NCPA - National Center for Policy Analysis


September 9, 2004

As incomes go up, Americans spend a greater proportion on intangibles and relatively less on goods. One result is more new jobs in hotels, health clubs and hospitals, and fewer in factories, says author Virginia Postrel.

In 1959, Americans spent about 40 percent of their incomes on services, compared with 58 percent in 2000. That figure understates the trend, because in many cases goods and services come bundled together.

Consider food, classified by the government's spending survey as a "nondurable good."

  • In 1959, consumers spent 25 percent of their income on food, compared with 14 percent in 2000; today food spending looks much smaller if you exclude restaurant meals.
  • Meals at home took 19 percent of income in 1959, compared with only 8 percent in 2000.
  • Another way to look at the same trend: In 2000, we spent 41 cents of each food dollar on restaurant meals, up from only 29 cents as recently as 1987.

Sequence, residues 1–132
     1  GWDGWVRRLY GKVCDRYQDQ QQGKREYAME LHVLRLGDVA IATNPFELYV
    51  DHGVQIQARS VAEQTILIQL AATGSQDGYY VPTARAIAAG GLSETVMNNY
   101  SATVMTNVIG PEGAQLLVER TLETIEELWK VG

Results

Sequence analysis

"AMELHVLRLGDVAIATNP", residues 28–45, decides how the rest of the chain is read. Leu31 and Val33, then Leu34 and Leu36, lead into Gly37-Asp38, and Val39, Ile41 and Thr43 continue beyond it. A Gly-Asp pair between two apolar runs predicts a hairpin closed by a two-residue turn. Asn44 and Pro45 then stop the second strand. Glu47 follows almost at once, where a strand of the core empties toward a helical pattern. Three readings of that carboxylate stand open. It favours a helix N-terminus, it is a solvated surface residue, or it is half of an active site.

Restaurant meals have changed, too. More and more of their value comes not from the nutrition and dishwashing services - function - but from the experience the restaurant provides. We don't go out to eat just to avoid cooking. We go to enjoy different cuisines in pleasant environments, explains Postrel.

For successful restaurants, aesthetics is no longer an afterthought. Customers are paying for memories, not just fuel. What's true for restaurants is true across the economy. New economic value increasingly comes from experiences, says Postrel.

Americans have not stopped buying stuff, of course. (Indeed, there's a whole industry devoted to organizing our pantry-like closets.) But the marginal value of tangibles versus intangibles has shifted. That many manufactured goods are also getting cheaper only intensifies the trend, says Postrel.

Source: Virginia Postrel, "The New Trend in Spending,' New York Times, September 9, 2004.

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